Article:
Hiking the Golan Trail down Mt. Herman, Nimrod’s Fortress in the background

The Golan Heights has a reputation as one of the most beautiful areas in the region, and the Golan Tourism Association created this trail to let hikers traverse it. The Golan Trail begins on Mt. Hermon and ends just above the Sea of Galilee.

The Golan is full of streams, rugged landscapes and wildlife, and is especially beautiful in spring when wildflowers and tree blossoms are at their height. Several mountains provide long-distance views into Syria, and ruins both ancient and modern (including many disused army bases) give a sense of its history. Hikers will pass through kibbutzim, pleasant Druze villages, and national parks and nature reserves like Gamla.

The Golan Heights are claimed by both Israel and Syria and although they were annexed by Israel in 1981, the annexation is unrecognized by other nations. Due to this contested nature, much of the area is taken up by military zones and minefields left over from previous wars. In the Golan, hikers should never deviate from marked trails, due to the danger of stumbling into minefields or firing areas, and a map is absolutely essential. The trail, like Israel’s other long distance trails, is clearly shown on the SPNI topographical hiking map for the area (SPNI map 1, “Hermon, The Golan and the Galilee Panhandle).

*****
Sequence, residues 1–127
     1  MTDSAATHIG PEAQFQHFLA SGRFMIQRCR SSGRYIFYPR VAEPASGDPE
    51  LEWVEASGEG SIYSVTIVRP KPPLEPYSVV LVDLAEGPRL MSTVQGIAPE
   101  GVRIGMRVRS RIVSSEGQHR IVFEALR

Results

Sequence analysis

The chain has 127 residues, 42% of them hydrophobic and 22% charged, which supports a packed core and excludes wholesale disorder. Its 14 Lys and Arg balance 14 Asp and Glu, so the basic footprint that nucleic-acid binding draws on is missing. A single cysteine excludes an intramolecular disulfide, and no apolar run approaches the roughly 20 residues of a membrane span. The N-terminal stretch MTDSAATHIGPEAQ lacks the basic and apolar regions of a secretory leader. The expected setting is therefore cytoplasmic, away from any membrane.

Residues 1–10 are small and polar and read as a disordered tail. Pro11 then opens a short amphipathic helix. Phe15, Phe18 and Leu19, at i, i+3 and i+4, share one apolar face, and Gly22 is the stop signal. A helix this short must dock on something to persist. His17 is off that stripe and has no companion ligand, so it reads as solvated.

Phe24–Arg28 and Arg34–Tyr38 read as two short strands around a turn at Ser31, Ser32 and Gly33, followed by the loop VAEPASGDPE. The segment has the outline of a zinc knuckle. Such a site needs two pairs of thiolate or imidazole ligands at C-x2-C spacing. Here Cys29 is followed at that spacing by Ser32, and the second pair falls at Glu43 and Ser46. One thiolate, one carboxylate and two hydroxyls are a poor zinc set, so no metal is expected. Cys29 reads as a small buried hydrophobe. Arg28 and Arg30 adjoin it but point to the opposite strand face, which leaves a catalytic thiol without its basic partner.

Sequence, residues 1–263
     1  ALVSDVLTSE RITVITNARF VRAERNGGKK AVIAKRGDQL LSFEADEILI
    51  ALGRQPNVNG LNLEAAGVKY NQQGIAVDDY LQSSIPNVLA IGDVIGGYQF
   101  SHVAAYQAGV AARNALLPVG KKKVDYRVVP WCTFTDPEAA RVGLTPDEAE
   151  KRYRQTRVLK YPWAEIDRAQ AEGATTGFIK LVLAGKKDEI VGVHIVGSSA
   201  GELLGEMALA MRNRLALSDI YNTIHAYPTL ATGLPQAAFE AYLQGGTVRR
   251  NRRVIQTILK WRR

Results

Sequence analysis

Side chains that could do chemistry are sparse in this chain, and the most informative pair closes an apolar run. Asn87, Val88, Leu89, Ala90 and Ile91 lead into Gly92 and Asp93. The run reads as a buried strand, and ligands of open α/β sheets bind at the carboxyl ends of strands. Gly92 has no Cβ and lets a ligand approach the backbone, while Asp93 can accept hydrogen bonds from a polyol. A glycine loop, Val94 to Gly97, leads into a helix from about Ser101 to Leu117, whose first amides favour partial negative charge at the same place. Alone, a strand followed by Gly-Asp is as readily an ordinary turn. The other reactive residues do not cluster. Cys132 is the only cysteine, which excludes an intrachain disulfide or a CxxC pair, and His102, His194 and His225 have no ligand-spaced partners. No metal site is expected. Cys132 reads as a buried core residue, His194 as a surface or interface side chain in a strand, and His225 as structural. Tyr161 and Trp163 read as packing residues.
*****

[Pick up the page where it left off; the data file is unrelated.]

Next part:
Trail Facts:

  • 125 km
  • 6-8 days to through-hike
  • Marked with white, blue and green blazes, but a map is essential due to minefields in the Golan. A GPS track is available from www.golantrail.com
  • Supplies available at least once a day (generally requiring a short detour off the trail); plan on camping since accommodations may be nonexistent or expensive
  • If hiked north-to-south, as intended, the trail will be of moderate difficulty (heading north would make it an entirely uphill climb of over 1000 meters!)
  • Hikers should bring warm clothing and sleeping gear, as the high altitude makes for very cold nights